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Today's Stichomancy for Keanu Reeves

The first excerpt represents the element of Air. It speaks of mental influences and the process of thought, and is drawn from Of The Nature of Things by Lucretius:

But rather with what sort of shape equipped, 'Tis thine to know the atoms need not colour, But render forth sensations, as of touch, That vary with their varied forms. Besides, Since special shapes have not a special colour, And all formations of the primal germs Can be of any sheen thou wilt, why, then, Are not those objects which are of them made Suffused, each kind with colours of every kind? For then 'twere meet that ravens, as they fly,

Of The Nature of Things
The second excerpt represents the element of Fire. It speaks of emotional influences and base passions, and is drawn from Anna Karenina by Leo Tolstoy:

as a writer, but extremely deficient in breeding and shy in personal relations.

In spite of his absolute contempt for the author, it was with complete respect that Sergey Ivanovitch set about reading the article. The article was awful

The critic had undoubtedly put an interpretation upon the book which could not possibly be put on it. But he had selected quotations so adroitly that for people who had not read the book (and obviously scarcely any one had read it) it seemed absolutely clear that the whole book was nothing but a medley of high-flown phrases, not even--as suggested by marks of interrogation--used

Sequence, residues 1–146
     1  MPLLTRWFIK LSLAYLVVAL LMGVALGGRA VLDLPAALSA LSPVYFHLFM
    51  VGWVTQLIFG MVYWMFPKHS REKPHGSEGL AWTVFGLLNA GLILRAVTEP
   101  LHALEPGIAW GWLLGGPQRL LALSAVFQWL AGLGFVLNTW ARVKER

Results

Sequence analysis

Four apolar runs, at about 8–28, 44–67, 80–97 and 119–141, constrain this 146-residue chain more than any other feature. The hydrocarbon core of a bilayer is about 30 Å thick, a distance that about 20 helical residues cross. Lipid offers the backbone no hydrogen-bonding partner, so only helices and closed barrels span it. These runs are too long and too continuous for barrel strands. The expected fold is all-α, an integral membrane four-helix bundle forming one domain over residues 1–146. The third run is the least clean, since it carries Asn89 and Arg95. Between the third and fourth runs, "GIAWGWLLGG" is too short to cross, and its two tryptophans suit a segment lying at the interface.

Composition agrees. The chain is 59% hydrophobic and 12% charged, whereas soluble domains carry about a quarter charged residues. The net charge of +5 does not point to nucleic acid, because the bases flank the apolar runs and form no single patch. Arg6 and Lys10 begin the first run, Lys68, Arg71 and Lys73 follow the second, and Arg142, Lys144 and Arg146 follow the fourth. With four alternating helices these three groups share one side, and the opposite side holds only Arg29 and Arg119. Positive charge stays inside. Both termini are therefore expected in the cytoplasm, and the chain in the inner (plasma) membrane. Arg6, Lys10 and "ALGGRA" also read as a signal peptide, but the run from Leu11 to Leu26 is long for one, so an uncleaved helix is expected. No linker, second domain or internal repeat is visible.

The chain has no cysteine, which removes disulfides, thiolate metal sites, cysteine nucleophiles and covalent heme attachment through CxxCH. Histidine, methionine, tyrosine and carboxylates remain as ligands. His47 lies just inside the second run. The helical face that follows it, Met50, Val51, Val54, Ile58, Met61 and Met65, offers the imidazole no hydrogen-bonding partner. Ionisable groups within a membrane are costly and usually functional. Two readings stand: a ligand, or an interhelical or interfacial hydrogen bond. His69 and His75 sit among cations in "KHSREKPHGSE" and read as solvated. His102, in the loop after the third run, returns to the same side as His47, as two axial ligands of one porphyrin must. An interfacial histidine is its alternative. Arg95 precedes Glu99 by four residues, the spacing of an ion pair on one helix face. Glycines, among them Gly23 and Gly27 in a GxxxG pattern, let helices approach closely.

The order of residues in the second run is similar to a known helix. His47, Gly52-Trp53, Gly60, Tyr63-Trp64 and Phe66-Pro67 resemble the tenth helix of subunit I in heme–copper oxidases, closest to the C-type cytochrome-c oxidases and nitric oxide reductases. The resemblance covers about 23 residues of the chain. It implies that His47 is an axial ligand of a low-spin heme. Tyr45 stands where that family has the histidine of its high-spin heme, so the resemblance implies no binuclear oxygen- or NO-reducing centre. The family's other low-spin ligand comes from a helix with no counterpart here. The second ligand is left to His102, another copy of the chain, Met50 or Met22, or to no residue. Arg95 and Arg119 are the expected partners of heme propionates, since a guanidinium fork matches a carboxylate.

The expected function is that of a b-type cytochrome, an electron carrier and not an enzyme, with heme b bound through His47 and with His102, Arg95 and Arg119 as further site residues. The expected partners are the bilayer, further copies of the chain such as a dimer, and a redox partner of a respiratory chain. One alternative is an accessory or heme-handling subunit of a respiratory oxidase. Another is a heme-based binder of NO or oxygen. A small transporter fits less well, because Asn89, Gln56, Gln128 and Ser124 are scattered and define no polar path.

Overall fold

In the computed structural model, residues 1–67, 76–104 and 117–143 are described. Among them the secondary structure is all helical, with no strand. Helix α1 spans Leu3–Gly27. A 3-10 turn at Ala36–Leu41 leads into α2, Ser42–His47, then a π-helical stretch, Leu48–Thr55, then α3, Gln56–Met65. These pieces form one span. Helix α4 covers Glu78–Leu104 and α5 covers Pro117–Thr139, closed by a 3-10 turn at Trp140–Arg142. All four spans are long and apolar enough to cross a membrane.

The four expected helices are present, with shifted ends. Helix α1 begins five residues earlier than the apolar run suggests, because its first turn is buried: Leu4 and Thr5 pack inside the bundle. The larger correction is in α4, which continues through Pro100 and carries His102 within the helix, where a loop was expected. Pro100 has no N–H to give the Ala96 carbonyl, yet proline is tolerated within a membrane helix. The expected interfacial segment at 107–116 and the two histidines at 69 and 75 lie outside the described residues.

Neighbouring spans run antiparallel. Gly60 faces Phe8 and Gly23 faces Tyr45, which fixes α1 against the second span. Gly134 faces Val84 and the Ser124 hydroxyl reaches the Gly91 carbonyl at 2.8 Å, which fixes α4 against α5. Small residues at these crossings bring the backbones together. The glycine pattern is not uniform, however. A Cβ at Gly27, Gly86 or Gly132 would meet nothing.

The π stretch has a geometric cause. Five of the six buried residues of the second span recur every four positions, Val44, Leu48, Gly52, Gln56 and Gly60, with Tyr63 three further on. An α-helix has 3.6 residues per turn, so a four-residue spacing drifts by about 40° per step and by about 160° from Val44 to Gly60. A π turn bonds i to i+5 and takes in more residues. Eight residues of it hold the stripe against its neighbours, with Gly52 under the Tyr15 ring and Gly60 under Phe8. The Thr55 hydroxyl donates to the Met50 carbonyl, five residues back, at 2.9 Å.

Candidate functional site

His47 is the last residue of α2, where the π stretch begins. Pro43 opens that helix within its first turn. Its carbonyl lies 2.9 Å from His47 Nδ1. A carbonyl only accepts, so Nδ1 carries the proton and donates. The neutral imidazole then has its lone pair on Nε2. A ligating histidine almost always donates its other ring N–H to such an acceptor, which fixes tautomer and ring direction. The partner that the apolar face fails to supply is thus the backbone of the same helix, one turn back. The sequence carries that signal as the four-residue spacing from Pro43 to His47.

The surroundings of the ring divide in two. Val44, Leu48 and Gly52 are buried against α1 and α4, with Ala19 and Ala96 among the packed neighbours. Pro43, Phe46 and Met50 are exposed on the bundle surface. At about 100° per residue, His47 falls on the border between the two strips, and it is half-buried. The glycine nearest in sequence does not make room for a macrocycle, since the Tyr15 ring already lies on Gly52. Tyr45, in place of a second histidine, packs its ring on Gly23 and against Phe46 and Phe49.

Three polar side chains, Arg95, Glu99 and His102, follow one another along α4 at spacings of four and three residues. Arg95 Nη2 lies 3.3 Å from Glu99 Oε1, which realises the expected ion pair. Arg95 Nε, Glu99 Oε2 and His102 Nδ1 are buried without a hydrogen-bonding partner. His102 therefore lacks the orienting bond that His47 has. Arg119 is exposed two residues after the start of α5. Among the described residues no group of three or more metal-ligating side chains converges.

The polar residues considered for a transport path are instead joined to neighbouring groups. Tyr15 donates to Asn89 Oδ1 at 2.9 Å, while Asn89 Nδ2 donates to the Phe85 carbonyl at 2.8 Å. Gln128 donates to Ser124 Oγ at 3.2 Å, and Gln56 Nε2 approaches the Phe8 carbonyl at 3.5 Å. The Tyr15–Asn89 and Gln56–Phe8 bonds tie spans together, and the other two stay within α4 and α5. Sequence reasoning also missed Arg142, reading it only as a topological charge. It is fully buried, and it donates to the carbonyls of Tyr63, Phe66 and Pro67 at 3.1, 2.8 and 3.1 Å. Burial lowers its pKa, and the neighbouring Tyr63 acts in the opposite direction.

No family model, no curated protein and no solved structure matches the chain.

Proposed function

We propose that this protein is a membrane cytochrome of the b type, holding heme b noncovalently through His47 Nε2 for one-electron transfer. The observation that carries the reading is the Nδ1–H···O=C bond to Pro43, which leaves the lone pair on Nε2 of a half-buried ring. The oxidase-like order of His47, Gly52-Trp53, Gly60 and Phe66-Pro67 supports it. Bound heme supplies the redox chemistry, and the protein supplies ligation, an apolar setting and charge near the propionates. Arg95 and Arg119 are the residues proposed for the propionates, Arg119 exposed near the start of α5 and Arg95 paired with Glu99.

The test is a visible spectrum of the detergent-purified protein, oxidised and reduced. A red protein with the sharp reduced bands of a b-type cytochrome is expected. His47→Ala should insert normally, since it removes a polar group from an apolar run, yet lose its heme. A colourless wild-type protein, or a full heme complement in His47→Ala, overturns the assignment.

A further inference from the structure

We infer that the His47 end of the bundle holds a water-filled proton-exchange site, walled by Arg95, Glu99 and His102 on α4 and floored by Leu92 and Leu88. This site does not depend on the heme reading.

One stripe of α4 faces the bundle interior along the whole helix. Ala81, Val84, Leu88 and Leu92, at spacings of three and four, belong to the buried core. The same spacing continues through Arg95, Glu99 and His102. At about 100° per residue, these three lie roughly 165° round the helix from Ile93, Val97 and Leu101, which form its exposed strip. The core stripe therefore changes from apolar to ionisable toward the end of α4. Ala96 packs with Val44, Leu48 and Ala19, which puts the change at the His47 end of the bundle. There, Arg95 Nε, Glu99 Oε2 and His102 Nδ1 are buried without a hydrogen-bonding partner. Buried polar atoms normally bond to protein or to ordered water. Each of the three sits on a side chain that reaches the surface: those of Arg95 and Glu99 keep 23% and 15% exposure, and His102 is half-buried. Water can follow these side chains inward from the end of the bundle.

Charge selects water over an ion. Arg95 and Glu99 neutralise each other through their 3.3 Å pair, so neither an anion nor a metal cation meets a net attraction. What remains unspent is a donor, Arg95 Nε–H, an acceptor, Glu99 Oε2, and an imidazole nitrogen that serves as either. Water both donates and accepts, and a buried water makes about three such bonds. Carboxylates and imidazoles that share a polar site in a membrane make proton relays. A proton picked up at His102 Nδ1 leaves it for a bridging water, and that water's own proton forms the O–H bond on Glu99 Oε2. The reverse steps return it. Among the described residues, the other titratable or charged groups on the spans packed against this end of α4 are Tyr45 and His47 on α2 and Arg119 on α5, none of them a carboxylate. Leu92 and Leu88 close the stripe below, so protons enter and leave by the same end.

Anna Karenina
The third excerpt represents the element of Water. It speaks of pure spiritual influences and feelings of love, and is drawn from Rivers to the Sea by Sara Teasdale:

The sorrow, the torpor, the bitterness, the frail joy Come up to us Like a cold fog wrapping us round. Oh in a hundred years Not one of these blood-warm bodies


But will be worthless as clay. The anguish, the torpor, the toil Will have passed to other millions Consumed by the same desires. Ages will come and go,

The fourth excerpt represents the element of Earth. It speaks of physical influences and the impact of the unseen on the visible world, and is drawn from The Economist by Xenophon:

man." I do not think I ever knew or heard tell of a bad master blessed with good servants. The converse I certainly have seen ere now, a good master and bad servants; but they were the sufferers, not he.[20] No, he who would create a spirit of carefulness in others[21] must have the skill himself to supervise the field of labour; to test, examine, scrutinise.[22] He must be ready to requite where due the favour of a service well performed, nor hesitate to visit the penalty of their deserts upon those neglectful of their duty.[23] Indeed (he added), the answer of the barbarian to the king seems aposite. You know the story,[24] how the king had met with a good horse, but wished to give the creature flesh and that without delay, and so asked some one